Sundin column: Trumpery, billionaires, tax cuts and warming
Nearly two weeks ago Donald Trump was inaugurated as the 45th president of the United States and assumed the role of commander in chief and leader of the free world. Americans of all persuasions (and the whole world) are wondering what the Trump years will be like. Will he adopt the statesmanship that the role requires, or will he continue the bullying tactics that won him the presidency?
His actions in the past month are not encouraging. He claims to know more about the wars in the Middle East than our generals and not to need frequent updates on current developments and possible threats to our country from the Central Intelligence Agency (which he maligns). He also ignores the scientific consensus on the causes of global warming. (Let’s call it what it really is instead of the euphemistic “climate change”).
He has insulted Chancellor Angela Merkel of Germany, one of our strongest allies and has expressed admiration for President Vladimir Putin of Russia, where he has major financial interests. And he continues to have a thin skin, launching into tirades on Twitter smearing anyone who has the audacity to challenge the validity of his “facts,” like his claim of millions of illegal votes in the election.
There is a fitting word for his outrageous statements — “trumpery” (meaning nonsense, rubbish). He seems to be more obsessed with these petty retributions than with the issues facing the country, which should be the primary responsibility of the occupant of the White House — which he injudiciously intends to be only when it suits him.
Donald Trump’s Cabinet choices are also cause for concern. He is surrounding himself with fellow billionaires, high corporate executives and military officers, potentially creating a new “establishment” no more responsive to the wishes of the voters who flocked to him than the “establishment” they felt was ignoring their economic plight.
For secretary of state, he has chosen Rex Tillerson, who was CEO of Exxon Mobile, which has an unsavory environmental record and is extremely unpopular throughout the Middle East. Tillerson also has a close financial relationship with Putin.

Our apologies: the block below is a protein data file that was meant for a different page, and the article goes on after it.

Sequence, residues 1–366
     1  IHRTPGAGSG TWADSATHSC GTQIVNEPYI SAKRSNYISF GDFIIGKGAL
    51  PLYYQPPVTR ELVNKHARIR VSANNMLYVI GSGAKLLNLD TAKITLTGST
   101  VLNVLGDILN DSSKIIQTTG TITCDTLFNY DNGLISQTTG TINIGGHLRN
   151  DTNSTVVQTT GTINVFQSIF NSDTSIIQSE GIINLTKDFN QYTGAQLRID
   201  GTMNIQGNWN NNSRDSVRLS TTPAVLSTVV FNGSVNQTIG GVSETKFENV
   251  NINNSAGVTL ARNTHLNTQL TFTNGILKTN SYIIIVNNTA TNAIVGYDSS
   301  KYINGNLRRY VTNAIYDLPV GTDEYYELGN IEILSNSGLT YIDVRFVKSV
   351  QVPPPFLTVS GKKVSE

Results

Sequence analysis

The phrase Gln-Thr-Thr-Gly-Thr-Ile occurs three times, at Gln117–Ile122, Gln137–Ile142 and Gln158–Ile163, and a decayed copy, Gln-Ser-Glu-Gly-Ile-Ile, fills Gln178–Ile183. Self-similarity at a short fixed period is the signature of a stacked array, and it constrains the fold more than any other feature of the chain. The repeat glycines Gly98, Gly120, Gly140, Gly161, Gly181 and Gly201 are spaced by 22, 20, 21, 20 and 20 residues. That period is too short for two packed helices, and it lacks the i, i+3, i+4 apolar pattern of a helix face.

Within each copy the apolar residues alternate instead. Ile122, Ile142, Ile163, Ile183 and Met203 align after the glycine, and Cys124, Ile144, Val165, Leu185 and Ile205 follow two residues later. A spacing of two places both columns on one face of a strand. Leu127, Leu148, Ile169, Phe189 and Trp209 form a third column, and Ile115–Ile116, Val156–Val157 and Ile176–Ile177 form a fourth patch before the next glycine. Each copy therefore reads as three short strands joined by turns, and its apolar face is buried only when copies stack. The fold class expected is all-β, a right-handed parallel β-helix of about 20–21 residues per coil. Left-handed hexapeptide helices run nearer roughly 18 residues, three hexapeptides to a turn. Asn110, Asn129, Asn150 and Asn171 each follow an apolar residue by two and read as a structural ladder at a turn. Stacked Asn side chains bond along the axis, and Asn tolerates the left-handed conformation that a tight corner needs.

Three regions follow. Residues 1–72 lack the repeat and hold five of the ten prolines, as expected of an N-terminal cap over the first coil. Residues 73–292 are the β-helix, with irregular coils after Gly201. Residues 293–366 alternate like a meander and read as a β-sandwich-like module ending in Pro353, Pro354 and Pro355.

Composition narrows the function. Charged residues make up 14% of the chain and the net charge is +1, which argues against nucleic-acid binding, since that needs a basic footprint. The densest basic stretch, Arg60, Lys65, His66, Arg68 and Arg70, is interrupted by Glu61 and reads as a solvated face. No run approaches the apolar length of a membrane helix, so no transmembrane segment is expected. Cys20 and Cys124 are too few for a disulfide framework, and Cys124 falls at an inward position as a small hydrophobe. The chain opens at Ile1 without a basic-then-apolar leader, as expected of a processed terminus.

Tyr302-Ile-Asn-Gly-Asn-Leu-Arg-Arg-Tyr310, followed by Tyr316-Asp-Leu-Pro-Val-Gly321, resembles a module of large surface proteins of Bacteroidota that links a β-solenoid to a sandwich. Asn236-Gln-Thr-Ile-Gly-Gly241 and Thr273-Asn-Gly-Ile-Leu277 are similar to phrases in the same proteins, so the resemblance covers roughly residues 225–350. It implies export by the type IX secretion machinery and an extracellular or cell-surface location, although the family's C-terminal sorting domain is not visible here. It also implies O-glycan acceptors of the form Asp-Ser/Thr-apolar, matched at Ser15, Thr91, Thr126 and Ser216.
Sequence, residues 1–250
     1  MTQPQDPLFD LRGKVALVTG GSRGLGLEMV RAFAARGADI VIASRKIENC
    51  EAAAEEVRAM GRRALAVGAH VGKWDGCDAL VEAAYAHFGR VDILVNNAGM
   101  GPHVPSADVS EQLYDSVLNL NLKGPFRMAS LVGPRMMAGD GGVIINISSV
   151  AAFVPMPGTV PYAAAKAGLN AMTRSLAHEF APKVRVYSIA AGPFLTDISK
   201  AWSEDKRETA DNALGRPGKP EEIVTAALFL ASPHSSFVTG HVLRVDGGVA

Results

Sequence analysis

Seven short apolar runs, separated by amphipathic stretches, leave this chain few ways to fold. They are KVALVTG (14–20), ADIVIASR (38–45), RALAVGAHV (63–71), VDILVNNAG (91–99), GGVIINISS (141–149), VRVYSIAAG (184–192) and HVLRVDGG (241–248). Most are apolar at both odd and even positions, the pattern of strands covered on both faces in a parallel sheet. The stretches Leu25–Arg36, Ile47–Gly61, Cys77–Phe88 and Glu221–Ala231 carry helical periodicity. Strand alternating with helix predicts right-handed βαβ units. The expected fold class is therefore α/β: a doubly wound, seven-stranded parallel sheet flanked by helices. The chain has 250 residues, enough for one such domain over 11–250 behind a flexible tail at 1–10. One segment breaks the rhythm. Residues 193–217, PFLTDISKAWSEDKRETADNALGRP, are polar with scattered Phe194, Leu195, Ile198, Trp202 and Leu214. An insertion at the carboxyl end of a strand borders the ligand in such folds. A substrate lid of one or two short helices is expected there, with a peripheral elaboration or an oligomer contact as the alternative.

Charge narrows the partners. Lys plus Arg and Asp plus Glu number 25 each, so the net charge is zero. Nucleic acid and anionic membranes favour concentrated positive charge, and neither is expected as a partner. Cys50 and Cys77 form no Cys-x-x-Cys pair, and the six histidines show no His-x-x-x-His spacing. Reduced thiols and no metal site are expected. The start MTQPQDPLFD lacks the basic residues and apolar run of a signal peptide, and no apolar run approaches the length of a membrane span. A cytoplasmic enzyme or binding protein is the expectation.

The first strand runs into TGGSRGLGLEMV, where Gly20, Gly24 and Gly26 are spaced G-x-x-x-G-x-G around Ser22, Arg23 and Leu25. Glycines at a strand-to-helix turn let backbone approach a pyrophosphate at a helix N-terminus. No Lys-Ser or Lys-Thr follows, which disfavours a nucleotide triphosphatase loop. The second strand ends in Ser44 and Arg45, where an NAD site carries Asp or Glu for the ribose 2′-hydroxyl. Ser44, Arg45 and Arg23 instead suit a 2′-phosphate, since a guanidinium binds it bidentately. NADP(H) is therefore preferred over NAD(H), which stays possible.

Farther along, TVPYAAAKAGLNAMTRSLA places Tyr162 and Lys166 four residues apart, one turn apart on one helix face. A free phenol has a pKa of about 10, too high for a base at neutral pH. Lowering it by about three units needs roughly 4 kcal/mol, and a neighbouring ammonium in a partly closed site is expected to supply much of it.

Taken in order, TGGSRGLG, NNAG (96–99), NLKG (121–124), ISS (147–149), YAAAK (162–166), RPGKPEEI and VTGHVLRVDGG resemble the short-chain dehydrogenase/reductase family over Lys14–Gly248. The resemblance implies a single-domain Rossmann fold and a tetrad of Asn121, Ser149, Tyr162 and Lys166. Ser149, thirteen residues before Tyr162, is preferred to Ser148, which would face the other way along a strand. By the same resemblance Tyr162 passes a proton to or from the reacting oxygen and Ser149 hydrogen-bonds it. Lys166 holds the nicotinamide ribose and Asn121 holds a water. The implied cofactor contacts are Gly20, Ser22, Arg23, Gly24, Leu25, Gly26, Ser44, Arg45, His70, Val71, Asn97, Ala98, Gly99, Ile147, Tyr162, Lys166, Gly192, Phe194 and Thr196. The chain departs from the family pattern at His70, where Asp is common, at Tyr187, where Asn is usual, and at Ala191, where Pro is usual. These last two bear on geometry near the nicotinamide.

Montana Congressman Ryan Zinke, Trump’s choice for secretary of the interior, is skeptical of any connection between fossil fuels and global warming and supports coal production. Trump’s choice to run the Environmental Protection Agency, Oklahoma Attorney General Scott Pruitt, is also a global-warming skeptic and favors the oil and gas industry, and he has filed numerous lawsuits against the EPA challenging limitations on mercury emissions from coal plants.
Betsy DeVos, Trump’s choice for secretary of education, is a billionaire who grew up in a Calvinist church, never went to a public school and favors public funding of religious schools — contrary to the constitutional separation of church and state. Public schools unite communities, whereas charter schools divide them. In a similar vein, Trump’s selection of Marine Gen. James Mattis for secretary of defense is a violation of our history of maintaining civilian control over the military.
My biggest concerns are Donald Trump’s positions on the U.S. economy and on the challenge of global warming. Supported by his pro-business Cabinet selections, Trump plans major tax cuts for corporations and the wealthy, which he claims will grow the economy and create jobs. Doesn’t that sound familiar? Remember “Reaganomics” — the “trickle-down” theory that tax cuts for the wealthy would create jobs and prosperity for all? All it accomplished was a doubling of the national debt. Tried again during the George W. Bush years, it again doubled the national debt. A sign of insanity is to repeat what has previously failed and expect a different result.
By far my greatest concern is the indifference of Donald Trump and his coterie to the threat global warming poses to the habitability of our planet. Although some of them, in the face of incontrovertible data and evidence, may no longer be in denial of the fact that the Earth is warming, they still refuse to accept that the major cause is human activities — primarily burning enormous quantities of fossil fuels and massive deforestation.
The majority of Americans, nearly all of the other countries in the world and almost every reputable earth and climate scientist are united in recognizing that fact. Industry and older workers are understandably fixed on protecting their profits and jobs, but what will that do to upcoming generations if the result is the destruction of the livability of our planet? That is a legitimate major concern of younger generations everywhere.
Hal Sundin’s As I See It appears on the first Thursday of the month.
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